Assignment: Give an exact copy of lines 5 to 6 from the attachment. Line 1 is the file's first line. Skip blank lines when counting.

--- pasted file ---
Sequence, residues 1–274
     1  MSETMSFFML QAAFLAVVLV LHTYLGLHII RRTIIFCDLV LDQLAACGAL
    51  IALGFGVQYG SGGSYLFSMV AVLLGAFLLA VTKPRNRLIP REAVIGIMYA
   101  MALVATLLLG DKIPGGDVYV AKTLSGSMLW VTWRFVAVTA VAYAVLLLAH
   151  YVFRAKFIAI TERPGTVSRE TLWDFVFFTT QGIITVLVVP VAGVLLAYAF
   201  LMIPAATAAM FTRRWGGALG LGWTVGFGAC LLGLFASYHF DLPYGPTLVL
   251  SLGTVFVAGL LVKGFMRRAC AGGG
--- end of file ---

   151  YVFRAKFIAI TERPGTVSRE TLWDFVFFTT QGIITVLVVP VAGVLLAYAF
   201  LMIPAATAAM FTRRWGGALG LGWTVGFGAC LLGLFASYHF DLPYGPTLVL